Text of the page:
After he was born he had some relatively minor health issues, but those were all prayed over and recorded in the journal. We could tell early on that he was mentally developing ahead of schedule (we are teachers and know the developmental stages of children).
I became worried that he would be too smart and come to look down upon others and not be able to relate to others. It’s recorded in my prayer journal, specifically that he would be able to relate well to others of all backgrounds and abilities. God answered in big ways. He now works in sales for a computer company and is well-liked and well-respected among colleagues and customers.
As he continued through his school years we prayed over athletic competitions, plays, presentations, and academics, and prayed that he would continue to grow spiritually and socially. My journal records prayers for him when he had conflicts with other students or teachers. It recorded prayers over his heartbreaks and struggles. There were even prayers for his relationships with girls and especially for one girl who became his steady. There were also prayers for a future wife even though we didn’t know who it might be.
I kept all that recorded in my prayer journals. When my son was in high school he became disillusioned with the church and spiritual matters for reasons beyond my control. Going to church became a chore for him. As soon as he could, he got a job where he had to work on Sunday mornings getting him out of the chore and the habit of church attendance. I don’t know if he did that consciously or not, but I was disappointed. And I added it to my prayer journal. I continued praying and writing out the prayers in my prayer journal as he moved through college and into young adulthood.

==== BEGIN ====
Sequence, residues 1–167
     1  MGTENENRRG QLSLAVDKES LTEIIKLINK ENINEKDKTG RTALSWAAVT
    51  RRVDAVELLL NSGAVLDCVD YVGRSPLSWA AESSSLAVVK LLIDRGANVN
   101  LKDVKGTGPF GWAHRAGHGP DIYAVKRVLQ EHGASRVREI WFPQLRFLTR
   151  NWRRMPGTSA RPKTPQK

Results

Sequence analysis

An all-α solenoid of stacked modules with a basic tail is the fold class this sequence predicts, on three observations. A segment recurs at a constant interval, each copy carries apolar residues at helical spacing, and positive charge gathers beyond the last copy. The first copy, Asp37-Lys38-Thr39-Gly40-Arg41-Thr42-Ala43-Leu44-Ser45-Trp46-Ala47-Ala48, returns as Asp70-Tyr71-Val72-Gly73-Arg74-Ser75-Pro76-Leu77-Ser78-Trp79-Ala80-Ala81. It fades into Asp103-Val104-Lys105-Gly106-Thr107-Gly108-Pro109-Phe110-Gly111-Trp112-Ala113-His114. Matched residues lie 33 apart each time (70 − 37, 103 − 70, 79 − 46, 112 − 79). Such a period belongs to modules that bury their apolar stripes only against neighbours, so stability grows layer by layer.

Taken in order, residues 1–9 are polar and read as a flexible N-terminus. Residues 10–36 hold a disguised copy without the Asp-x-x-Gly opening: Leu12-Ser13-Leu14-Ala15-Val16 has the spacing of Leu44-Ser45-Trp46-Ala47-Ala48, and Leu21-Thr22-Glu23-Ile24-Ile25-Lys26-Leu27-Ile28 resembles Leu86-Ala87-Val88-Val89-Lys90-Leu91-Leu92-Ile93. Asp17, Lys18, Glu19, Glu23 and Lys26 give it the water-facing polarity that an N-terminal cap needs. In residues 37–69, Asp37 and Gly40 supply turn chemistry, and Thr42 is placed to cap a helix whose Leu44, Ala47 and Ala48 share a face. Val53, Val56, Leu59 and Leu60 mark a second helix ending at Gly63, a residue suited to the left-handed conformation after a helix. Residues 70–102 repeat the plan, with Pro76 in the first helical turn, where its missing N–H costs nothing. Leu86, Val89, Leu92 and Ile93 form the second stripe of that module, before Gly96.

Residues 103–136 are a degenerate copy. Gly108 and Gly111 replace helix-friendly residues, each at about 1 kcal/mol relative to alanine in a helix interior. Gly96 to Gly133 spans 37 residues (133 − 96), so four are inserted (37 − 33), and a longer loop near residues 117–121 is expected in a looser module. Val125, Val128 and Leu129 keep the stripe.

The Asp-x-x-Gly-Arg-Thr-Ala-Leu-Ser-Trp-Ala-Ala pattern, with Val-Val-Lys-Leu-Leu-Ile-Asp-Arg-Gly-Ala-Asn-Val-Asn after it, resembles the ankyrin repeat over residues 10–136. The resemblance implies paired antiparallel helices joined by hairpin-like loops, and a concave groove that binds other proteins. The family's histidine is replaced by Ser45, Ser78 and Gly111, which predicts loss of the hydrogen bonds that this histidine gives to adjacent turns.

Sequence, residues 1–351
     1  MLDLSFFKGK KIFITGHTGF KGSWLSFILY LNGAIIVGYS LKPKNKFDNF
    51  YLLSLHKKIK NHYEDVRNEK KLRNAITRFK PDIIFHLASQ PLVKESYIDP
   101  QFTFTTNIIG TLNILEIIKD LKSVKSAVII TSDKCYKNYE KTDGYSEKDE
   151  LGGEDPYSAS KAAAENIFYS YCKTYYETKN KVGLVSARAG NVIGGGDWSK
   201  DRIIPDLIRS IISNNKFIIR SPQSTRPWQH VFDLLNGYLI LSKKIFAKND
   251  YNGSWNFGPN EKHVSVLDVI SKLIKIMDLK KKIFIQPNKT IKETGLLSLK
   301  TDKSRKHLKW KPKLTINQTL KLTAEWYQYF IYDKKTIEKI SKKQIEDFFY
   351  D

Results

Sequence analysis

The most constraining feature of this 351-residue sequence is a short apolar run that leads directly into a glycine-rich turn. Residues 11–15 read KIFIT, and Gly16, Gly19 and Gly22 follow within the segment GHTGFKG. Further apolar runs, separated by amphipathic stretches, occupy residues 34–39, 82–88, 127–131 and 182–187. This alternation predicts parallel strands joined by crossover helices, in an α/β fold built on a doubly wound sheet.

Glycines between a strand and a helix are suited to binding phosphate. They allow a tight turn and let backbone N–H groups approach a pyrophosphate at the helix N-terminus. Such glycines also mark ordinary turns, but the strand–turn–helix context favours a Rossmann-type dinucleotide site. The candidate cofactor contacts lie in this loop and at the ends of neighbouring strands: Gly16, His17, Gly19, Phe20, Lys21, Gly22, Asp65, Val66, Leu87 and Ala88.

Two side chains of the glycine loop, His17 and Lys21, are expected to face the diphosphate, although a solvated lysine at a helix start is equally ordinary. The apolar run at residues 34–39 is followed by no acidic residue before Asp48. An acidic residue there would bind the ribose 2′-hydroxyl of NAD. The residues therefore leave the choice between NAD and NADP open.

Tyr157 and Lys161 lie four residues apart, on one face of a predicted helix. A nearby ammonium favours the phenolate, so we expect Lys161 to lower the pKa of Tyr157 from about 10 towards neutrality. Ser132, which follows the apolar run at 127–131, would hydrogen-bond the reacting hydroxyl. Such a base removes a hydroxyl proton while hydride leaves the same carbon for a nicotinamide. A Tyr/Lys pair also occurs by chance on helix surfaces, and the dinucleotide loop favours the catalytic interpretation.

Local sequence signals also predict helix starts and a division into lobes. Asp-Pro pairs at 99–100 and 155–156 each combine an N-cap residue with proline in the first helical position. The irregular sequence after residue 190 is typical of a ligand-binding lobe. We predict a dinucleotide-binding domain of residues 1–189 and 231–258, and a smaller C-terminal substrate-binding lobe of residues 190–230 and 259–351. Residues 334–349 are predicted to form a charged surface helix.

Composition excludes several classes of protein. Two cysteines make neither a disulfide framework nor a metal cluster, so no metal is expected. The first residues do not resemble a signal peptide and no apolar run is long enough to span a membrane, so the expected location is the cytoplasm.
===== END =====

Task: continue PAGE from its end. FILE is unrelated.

Having that record is great, but the most pleasure comes from looking at the answers. By looking back every once in a while and recording the answers, I could see how God answered my prayers and which prayers were the most important to Him.
Some things lingered and were rewritten many times without any answers recorded. All this praying and my son was still disillusioned with church and spiritual things. Yet as I continued to pray, I saw God open doors to share with my son a little at a time. I found out that he was not disillusioned with Jesus. I wrote that in the answers of my prayer journal.
Shortly after my son got his first professional job, I started going back through the prayer journals all the way back to his childhood. I wrote them out in a separate notebook, noted Bible verses that went with each prayer, and was amazed at all that God had done.
Then I had an inspiration. I wanted my son to know all that God had been doing in his life. So I wrote the requests with their dates or time frame in a hard-covered journal. On one page I wrote out a request and the answer. On the opposite page, I wrote out the passage of Scripture corresponding to the request. I had some pages left at the end, so I wrote that those pages were for him to fill in. I wrapped it up and gave it to him for Christmas.
Upon opening it and starting to read it, he smiled and he cried. I like to think those prayer requests and answers played a part in the return of his spiritual interest that happened shortly after that. So, I see the importance of a prayer journal in tangible ways. Answers don’t always come on our schedule, but they do come. I can live expectantly and eagerly await God’s promised answers. I know it can be a great tool for anyone who chooses to use one.
Mary B. Grimm is a recovering bipolar person. She has faced down her demons and continues to do so, with the help of God’s Word and its influence in her life. As a wife, mother of three, teacher, and writer she conveys information from a refreshing perspective about bipolar disorder, alcoholism, diabetes management, and various issues stemming from traumatic experiences throughout her life. For more information contact her at firstname.lastname@example.org.